One evening after dinner, we went ashore for a night walk and were asked to tread silently so not to scare off nocturnal animals. Alas, all hope of this was dashed by the groups' two teenage boys, John and Johnny, who crashed through the jungle like a pair of Sasquatches. At one point, Roland, our guide, asked us to turn off our headlamps and stand still. He began to talk of the spirits that his people believe inhabit the forest and of the life force given off by trees around us. It was pitch dark and the air was brilliantly fresh. It was quiet and peaceful and for a moment all seemed right in the world, until John and Johnny began making fart noises.

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It took us three days to reach the Pacaya Samiria reserve. Once there, we spent a day in the skiff exploring the Pacaya River. The increase in wildlife was immediate. Pink dolphins played around our skiffs, brilliant plumed birds swooped in the canopy, capuchin monkeys infested the trees, howler monkeys let fly with their terrible, belching cries and sloths hung motionless 50 feet above the jungle floor.

Indigo adores sloths and was jumping up and down with excitement in hopes of seeing one, even if it were only at a great distance. For this we can probably thank Sid, the hapless hero of the "Ice Age" movies; he has so influenced her impression that it was important for her to learn a few facts about the creatures.

This herbivore, Victor told us, lives at the top of the canopy and moves only when absolutely necessary, with a top speed of 15 feet per minute. They behave this way, the theory goes, to discourage predators. A jaguar, for example, might wonder about that hairy brown blob in the tree but assume that if it isn't moving, it isn't alive. Sloths descend from the canopy only once a week to relieve themselves, and if chased will plunge into the river, where they swim away at an impressive clip.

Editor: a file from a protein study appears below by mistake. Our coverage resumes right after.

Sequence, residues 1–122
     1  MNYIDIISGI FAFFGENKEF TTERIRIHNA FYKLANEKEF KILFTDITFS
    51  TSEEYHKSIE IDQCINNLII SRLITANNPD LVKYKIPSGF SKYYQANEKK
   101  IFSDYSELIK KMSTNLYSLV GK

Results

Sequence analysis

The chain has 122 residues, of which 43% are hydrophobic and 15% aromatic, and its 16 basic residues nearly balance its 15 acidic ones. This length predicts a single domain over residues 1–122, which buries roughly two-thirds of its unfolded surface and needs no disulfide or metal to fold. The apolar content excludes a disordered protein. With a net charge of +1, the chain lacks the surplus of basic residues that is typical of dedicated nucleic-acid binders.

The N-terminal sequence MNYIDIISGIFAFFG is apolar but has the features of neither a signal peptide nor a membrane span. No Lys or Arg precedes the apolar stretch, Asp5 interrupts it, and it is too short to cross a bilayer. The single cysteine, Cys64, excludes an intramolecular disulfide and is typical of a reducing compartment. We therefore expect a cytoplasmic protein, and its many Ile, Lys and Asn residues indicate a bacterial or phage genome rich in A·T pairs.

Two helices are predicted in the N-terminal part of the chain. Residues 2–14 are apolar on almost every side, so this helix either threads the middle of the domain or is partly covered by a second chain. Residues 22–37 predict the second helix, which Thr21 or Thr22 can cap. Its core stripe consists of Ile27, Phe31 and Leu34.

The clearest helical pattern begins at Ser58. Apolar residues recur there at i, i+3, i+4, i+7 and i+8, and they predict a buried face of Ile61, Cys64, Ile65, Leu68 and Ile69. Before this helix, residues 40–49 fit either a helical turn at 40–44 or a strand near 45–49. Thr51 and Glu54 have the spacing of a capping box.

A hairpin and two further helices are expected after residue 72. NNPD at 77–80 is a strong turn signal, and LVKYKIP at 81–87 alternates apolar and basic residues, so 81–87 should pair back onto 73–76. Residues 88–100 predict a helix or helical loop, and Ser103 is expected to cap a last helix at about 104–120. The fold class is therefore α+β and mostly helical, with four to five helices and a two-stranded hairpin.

Amazonian pink dolphins are also extraordinary creatures. Like the gray dolphin, they were forced to adapt to freshwater when the Andes rose up, separating the Pacific coast and the Amazon Basin and causing the Amazon River to change direction and flow toward the Atlantic thousands of miles away. They adapted quickly and have a close relationship with the humans that live on the river. The river people do not hunt them; they believe their children will be born deformed if they harm one.

In the week we were on the boat, we covered 800 miles, including our skiff adventures. Much of La Amatista's motoring was done at night or in the very early morning. In the evenings, we would gather in the bar to drink pisco sours and listen to the crew play Peruvian music on traditional instruments. Each night, crew members would enlist the kids to play maracas and an huiro, the latter a gourd with ridges carved into it and a hand-held stick.

The members of the crew had great senses of humor and strong national pride, sweeping the children along with their enthusiasm. The kids learned a lot about Peruvian culture and life, between playing soccer, weaving baskets, fishing, swimming, dancing, attending talks by the naturalists, checking species off the spotting list and madly snapping photos of every sloth we passed.

Now it's that dreaded summer camp time again, and our Amazon voyage has set the bar very high. Currently stacked on Indigo's bedside table are all the adventure travel catalogs that have so conveniently arrived in the mail.